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Quirky, Undiscovered Brussels & Belgium

From giant meatballs to Mini-Europe, offbeat adventures in Belgium.

If there is one word I’d use to describe Belgium following a ten-day trip through Brussels and Wallonia, it’s “quirky­­” –– and that’s a good thing! Not the stuffy or traditional Europe you may be imaging, Belgium is funky-cool with modern, artistic lodgings, unconventional museums and tasty food and beer. When you are consistently surprised on your travels, you’re creating memories and certainly learning something new– this was my experience in Belgium and one you, too, can recreate.

Walkable and cool Brussels.

Walkable and cool Brussels.

While I explored some of the most popular travel sites, including Waterloo, Bastogne and Brussels, I also made a point to stray from the traditional spots as much as possible, and was glad I did. Here are some of my quirkiest finds in Belgium.


There is most certainly a lot to see and do in Brussels, the home of the European Union and a truly international city. The beautiful Grand Place and infamous Manneken Pis are must-sees, but to get a different view of the city, take a bike tour with Pro Velo. This is a great way to take in the city’s diverse architecture and chat up a local. My guide, Riet Naessens, gave me a tour focused on the city’s art deco and art nouveau architecture through burgeoning and luxurious neighborhoods I may have never reached on my own. We passed by designs by some of art nouveau’s most famous architects, Victor Horta and Paul Hankar. Stunning glasswork by artist Ernest Delune at Rue du Lac 6, often seen in art history textbooks, was a highlight, as was The Horta Museum, a World Heritage Site. Pro Velo also offers a popular Beer and Breweries tour, which I’d warn beginning bikers against for obvious reasons.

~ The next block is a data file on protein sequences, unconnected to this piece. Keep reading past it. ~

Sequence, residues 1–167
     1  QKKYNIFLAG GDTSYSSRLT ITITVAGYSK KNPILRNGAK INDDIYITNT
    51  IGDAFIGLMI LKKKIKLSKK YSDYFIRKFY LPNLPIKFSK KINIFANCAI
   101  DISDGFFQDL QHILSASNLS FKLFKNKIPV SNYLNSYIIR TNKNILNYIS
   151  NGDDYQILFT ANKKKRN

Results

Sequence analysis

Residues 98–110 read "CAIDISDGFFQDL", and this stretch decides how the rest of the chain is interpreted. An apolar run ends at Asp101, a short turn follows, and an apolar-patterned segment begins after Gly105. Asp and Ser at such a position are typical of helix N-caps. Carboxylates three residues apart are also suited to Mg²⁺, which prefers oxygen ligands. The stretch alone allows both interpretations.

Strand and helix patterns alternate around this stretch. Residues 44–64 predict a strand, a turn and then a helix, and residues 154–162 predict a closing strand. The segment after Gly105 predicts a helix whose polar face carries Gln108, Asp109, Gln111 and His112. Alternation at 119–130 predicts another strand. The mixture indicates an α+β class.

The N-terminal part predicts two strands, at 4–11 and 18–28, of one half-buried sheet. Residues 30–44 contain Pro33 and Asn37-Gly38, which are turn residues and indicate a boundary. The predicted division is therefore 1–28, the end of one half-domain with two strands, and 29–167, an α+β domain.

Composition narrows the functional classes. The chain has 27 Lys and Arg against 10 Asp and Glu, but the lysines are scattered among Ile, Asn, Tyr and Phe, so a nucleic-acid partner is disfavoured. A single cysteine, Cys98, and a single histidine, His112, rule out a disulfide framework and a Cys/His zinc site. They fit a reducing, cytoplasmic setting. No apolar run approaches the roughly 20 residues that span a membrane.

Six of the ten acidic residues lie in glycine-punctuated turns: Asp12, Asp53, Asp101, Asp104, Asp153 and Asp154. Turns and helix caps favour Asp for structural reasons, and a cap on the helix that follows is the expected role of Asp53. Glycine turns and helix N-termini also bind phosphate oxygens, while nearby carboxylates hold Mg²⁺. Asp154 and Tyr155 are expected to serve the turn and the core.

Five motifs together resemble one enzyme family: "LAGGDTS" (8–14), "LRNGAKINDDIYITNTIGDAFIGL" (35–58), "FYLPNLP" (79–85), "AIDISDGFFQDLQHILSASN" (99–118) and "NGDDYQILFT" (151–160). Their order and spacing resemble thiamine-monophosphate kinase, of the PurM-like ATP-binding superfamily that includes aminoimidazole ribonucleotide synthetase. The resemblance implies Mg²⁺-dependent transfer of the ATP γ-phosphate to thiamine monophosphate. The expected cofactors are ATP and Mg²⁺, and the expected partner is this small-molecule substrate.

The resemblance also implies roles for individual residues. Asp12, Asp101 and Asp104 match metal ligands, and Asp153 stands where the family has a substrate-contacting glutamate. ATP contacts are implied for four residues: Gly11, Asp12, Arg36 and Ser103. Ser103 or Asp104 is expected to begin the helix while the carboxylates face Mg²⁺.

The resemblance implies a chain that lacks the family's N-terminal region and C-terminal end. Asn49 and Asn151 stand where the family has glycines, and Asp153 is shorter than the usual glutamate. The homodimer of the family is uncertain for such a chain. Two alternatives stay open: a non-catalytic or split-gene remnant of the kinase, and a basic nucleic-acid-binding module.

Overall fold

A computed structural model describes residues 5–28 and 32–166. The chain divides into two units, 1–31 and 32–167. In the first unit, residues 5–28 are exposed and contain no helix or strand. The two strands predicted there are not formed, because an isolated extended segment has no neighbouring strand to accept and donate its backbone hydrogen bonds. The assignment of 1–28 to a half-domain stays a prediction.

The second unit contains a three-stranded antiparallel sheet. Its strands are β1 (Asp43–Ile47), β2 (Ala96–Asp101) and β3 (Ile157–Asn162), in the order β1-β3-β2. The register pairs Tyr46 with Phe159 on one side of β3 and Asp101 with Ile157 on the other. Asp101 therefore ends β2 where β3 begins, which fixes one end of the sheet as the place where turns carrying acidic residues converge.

You must ingest and invest in some chocolate while touring Brussels. Laurent Gerbaud has some outstanding chocolate, including many mixed with tart and sweet dried and candied fruits. He offers interactive workshops where you can make and taste your own creations. His shop has a café, so you can sit down and enjoy the full chocolate experience. It’s close enough to do some chocolate shop hopping at Place de Grand Sablon, where many of Belgium’s top chocolatiers have their shops.

Decadent chocolate at Laurent Gerbaud.

Decadent chocolate at Laurent Gerbaud.

For another sweet and necessary Brussels fix, walk a few feet from the popular Manneken Pis to feast on a Brussels style waffle complete with chocolate, whipped cream and strawberries, if you wish it, at The Waffle Factory, one of the tastiest waffle places.

The Waffle Factory in Brussels, Belgium

The Waffle Factory in Brussels, Belgium.

Belgian Chocolate in Brussels with a Top… by TravelswithDarley